Questions bombard us from all sides. Where and when will the next Islamist terror attack be? What will Putin do next? What effect will the Greek elections have on the European economy? Can democracy survive the intolerance of the ‘tolerance’ parties? Where is Europe headed? What message of hope do we have to bring to Europeans today?
In last week’s WW, as we reflected on the dramatic events in France, we asked how we could respond to these troubled times in the spirit of Jesus, and promised to share ways to help equip us in this coming year.
One response to current issues is the ‘re-arrange the deck-chairs’ option, pretending that the future will be ‘more of the same’. We can block out the outside world, and keep really busy with church or organisational activities, without daring to look around and ask what is changing in the larger context of our ‘mission field’.
Another is the ‘circle the wagons’ response, defending our inner circle at the local or even national level: let’s turn back the clock, close the borders, throw out the foreigners, go back to our own national currency and look after ourselves; like king Canute trying to stem the tide.
But are either of these options really realistic or responsible in our interwoven, globalised world where we are all affected by events outside our own localities and borders? and where cooperation on supranational levels is essential for effective action?
Some issues may seem overwhelming, and not immediately relevant to the task of ‘spreading the good news’. But what is that good news if it does not bring hope, perspective and transformation in the here and now? How serious are we about praying for God’s Kingdom–his rule, government or shalom–to come here on earth, in Europe, in ever-increasing measure, as it is in heaven?
Where however can we wrestle with such questions facing Christians in Europe today? Let me suggest several opportunities we are offering from the Schuman Centre this year.
• The State of Europe Forum, Riga, Latvia, May 8 & 9.
Following previous events in Athens, Dublin, Copenhagen and Budapest, this year’s forum in the capital of Latvia will start with a public meeting in the St Peter’s Church, a Unesco, World Heritage Site on Friday May 8, addressed by Prof dr Tomas Halik from Prague. Dr Halik (pictured), a former advisor to Vaclev Havel before and after the 1989 Velvet Revolution in Czechoslovakia, brings a faith perspective on contemporary issues tempered by communist persecution on the one hand, and secularist disdain on the other. He is the laureate of the 2014 Templeton Prize, visiting lecturer at Oxford and Cambridge, and his book ‘Patience with God’ (2010) was awarded Europe’s best theological book prize.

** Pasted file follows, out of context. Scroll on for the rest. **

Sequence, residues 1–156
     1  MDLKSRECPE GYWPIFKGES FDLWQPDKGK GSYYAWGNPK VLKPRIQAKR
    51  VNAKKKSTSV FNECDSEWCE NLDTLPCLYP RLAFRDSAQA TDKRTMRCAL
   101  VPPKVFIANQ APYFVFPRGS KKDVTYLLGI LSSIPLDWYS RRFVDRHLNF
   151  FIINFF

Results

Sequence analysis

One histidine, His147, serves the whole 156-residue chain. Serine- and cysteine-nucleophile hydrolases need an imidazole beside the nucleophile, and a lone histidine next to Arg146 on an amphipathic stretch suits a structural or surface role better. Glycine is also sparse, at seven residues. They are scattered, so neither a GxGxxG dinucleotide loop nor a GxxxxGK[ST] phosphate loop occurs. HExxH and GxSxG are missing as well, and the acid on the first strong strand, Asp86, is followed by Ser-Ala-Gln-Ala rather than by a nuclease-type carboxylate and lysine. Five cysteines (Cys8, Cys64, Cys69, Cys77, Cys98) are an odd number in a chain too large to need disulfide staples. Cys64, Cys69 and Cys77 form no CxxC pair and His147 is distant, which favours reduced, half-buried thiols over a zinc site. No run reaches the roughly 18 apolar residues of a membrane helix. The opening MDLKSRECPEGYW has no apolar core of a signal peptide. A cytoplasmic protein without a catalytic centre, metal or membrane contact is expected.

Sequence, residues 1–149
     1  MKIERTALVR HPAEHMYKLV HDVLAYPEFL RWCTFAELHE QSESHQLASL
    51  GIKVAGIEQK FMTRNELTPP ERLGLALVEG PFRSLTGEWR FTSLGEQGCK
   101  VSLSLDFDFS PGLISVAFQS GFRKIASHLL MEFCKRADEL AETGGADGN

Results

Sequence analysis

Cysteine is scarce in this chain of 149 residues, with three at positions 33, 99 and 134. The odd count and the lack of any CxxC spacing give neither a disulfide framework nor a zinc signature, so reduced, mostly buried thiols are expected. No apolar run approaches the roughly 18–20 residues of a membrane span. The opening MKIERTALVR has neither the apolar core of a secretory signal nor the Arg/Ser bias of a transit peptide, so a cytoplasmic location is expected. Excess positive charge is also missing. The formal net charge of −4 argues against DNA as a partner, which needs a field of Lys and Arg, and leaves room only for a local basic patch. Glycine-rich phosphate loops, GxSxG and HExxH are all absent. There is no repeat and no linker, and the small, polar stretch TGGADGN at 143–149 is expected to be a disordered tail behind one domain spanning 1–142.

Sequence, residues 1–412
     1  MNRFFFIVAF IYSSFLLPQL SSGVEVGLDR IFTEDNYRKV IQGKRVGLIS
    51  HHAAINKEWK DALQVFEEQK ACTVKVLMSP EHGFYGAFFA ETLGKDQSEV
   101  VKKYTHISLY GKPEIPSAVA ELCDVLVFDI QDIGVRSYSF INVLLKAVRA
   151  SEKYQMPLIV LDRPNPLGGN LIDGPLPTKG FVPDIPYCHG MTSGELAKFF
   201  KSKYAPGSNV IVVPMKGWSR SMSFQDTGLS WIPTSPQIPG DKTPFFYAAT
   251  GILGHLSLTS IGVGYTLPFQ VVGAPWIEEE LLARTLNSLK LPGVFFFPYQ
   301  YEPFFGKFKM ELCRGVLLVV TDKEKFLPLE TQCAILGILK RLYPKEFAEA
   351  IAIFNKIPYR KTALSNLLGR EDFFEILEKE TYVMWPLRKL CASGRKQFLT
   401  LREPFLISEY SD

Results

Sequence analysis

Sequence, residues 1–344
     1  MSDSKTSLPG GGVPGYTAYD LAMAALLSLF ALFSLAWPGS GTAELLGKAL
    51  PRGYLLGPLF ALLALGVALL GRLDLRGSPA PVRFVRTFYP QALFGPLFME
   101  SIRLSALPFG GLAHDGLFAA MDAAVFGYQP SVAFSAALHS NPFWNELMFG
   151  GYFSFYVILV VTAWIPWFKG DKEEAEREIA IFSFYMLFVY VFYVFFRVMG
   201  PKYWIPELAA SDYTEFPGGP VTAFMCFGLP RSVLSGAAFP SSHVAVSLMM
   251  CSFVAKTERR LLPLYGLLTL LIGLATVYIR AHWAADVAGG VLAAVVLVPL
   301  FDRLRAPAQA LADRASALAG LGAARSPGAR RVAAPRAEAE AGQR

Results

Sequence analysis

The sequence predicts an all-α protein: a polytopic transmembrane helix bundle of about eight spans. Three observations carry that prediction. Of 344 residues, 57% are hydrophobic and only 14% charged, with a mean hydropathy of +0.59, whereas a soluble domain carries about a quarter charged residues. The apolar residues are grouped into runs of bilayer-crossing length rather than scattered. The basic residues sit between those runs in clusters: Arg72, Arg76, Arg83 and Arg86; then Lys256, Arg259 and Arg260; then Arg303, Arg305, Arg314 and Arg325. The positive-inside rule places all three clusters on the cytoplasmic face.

The main day of the forum is Saturday May 9, Europe Day, the 65th anniversary of Robert Schuman’s declaration proposing the European Coal and Steel Community, regarded as the official birth of the EU. The forum aims to evaluate the current state of Europe in the light of Schuman’s vision for ‘a community of peoples deeply rooted in Christian values’. It offers a choice of twenty seminars in five tracks: economic, politics, society, religion and environment; with input from politicians, academics, theologians, practitioners, church leaders and economists from across Europe.
A parallel State of Europe Youth Forum begins two days earlier on May 6 and includes participation in the main event, offering exposure to seasoned practioners for young aspiring professionals and students.
For registration and information, see: www.stateofeuropeforum.eu.
• The Continental Heritage Tour, July 4-19. Last year my wife and I led a Celtic Heritage Tour through Ireland and the British Isles. This year we return to the continent to visit 40 locations in Holland, Germany, Czech Republic, Switzerland and France, in search of people and movements who shaped Europe through their faith. This experience offers a hands-on historical perspective on today’s Europe. We’d love to have you join us. See www.schumancentre.eu/courses-events/continental-heritage-tour.
• The Masterclass in European Studies, Aug 2-8. This intensive five-day course for students and young professionals (but open to all), follows previous classes in Amsterdam and Geneva, this time in Brussels, with a special emphasis on understanding the EU. Dr Evert Van der Poll joins me in teaching on the gospel and the making of Europe, with field visits to the European Parliament, the Erasmus House and Vilvoorde where William Tyndale was martyred. See further on: www.schumancentre.eu/courses-events/masterclass-in-european-studies
Europe has become a strategic mission field. We pray the above events will equip us to help make a difference.
Till next week,